“Brian Deegan really helped to put us on the map when he won the 125cc Supercross in 1996,” Burns smirks, “because he ghost-rode his bike across the finish line. That made it a special win. When he crossed the finish-line jump, he let his bike go and jumped off the bike, so the bike went across the line by itself. The promoters freaked, we got fined, but it made history. It got in all the magazines. If he hadn’t done that, it would have been written off as a one-time win.”
Live To Ride, Live To Drum. The actual Supercross event – the professional races, celebrity Crossover Challenge, and junior exhibition that has riders as young as seven years old – starts around 7:00 p.m., but from noon on, race-goers are walking through the parking lot “pit area,” visiting various corporate-factory and privateer teams, ogling the bikes, and collecting autographs from their favorite riders, the biggest of which enjoy rock-star-royalty status. Admittedly, it’s a bit strange to hear Burns, who is known for his blisteringly heavy and precise drumming style with Strung Out, speak with such reverence of Moto XXX’s current top dog, Kyle Lewis. “He basically runs the team, with Kurt. Erik and I are just drummers. We’re on the sidelines.”
Erik Sandin had aspirations of racing motorcycles long before he picked up sticks, and even longer before the Glendale, California native started his two-decade-plus adventure with legendary punkers NOFX. “My family didn’t have a lot of money,” Sandin explains, “and motorcycles weren’t cheap, so riding was more of a fantasy at the time, growing up. But I was really passionate about it, and then when I got little older and made a little money, the first thing I did – I bought a bike. My father and mom were also really passionate about music, so when I grew up my two things were: I wanted to race motorcycles, or I wanted to play music. But motorcycles were my number-one thing.
“When I was about 14 or so, some friends who were about 17 were starting a band. Typical thing, they said, ‘We need a drummer – do you want to play drums?’ It could have just as easily been the harmonica, or keyboard. I said, ‘Okay,’ and bought an old Rogers piece-of-crap, beat-up drum set for like $175. And it just went from there, it was something that I picked up kind of quickly.”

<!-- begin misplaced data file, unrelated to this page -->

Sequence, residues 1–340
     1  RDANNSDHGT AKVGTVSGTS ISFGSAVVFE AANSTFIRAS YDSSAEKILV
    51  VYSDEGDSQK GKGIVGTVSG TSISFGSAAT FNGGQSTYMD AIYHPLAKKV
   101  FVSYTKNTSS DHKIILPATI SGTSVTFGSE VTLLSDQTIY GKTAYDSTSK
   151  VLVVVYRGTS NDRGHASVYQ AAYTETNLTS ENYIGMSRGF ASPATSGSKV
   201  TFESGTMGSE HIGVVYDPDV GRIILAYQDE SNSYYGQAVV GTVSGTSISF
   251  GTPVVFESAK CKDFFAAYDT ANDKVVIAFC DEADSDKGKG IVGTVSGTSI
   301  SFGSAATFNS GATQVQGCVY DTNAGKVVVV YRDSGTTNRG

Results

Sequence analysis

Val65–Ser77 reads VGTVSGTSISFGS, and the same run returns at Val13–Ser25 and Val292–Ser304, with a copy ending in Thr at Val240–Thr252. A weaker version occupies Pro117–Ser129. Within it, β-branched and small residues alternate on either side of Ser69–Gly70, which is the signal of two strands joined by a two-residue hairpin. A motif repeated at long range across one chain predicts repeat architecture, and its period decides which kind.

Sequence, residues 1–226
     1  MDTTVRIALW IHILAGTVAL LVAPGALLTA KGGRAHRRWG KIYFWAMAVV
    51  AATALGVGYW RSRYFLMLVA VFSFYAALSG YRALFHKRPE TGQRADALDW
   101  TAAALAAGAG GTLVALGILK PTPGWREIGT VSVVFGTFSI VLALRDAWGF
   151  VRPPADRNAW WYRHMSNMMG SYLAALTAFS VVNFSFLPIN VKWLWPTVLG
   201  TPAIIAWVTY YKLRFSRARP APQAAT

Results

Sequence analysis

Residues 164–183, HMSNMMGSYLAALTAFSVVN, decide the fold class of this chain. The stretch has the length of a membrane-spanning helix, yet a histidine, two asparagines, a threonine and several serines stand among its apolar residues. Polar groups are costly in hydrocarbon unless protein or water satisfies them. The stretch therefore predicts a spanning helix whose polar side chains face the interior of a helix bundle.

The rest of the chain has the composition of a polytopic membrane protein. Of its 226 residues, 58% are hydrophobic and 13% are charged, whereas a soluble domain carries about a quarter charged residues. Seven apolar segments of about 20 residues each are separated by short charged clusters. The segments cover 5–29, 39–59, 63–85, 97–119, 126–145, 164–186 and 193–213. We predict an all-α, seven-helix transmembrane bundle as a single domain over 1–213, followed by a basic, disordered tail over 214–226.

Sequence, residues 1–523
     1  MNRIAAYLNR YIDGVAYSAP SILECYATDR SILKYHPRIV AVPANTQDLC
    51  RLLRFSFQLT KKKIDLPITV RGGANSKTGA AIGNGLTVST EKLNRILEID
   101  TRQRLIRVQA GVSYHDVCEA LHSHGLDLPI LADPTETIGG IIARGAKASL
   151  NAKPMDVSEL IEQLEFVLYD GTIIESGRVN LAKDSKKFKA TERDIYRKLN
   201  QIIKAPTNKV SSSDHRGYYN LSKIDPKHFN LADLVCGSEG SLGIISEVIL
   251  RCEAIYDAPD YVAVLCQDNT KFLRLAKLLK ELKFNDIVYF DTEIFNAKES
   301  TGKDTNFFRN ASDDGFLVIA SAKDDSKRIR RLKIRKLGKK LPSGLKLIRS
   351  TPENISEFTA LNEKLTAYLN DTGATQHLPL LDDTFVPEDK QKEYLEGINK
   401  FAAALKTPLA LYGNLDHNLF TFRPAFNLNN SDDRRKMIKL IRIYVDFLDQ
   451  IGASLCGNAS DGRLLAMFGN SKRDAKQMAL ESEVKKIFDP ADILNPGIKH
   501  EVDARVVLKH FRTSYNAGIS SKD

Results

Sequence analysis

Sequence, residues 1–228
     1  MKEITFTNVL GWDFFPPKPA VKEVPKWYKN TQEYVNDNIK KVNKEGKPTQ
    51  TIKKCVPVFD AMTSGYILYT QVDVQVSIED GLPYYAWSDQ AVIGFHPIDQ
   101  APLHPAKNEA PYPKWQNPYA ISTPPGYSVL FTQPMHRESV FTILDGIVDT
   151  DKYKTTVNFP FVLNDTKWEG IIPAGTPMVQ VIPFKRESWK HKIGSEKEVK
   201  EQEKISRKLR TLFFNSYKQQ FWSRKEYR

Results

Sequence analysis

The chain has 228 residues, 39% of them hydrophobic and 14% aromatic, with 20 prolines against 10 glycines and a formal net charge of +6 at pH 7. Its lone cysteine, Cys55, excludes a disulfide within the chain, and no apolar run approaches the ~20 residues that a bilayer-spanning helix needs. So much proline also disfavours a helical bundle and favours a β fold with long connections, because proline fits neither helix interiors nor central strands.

Sandin picked up drums quickly enough to put the motocross aspirations on the backburner for a while, although it wasn’t as if he was a book-learner on the kit. “I have never taken a lesson,” he rues. “Not once. And that’s something that I’m really regretting now, because I feel that I’m limited because of it. I never learned any other outside styles of music. I’m totally self-taught. Taught myself punk rock, and it’s all I really know how to play. When I was a kid, when punk rock was first starting, I guess it wasn’t cool [to play other styles]. Back then you had to be punk rock, and that was about it.”
Burns’ story is similar, although his bike lust may even run deeper than Sandin’s. “I always wanted a dirt bike,” he remembers. “When I was a little kid, all I used to do was draw dirt bikes. My parents would never let me have one, so I got my first motorcycle when I was 20. It was an ’84 Honda XL350. I still have that bike. Now I have tons of motorcycles. I was probably 15 when I started drumming, and the first time I ever sat down on a drum set, I could play a beat, right off the bat. Drumming came kind of naturally for me. It’s funny, the older I’m getting, the less natural it’s coming. I need to really start cracking down and getting in shape for my music.”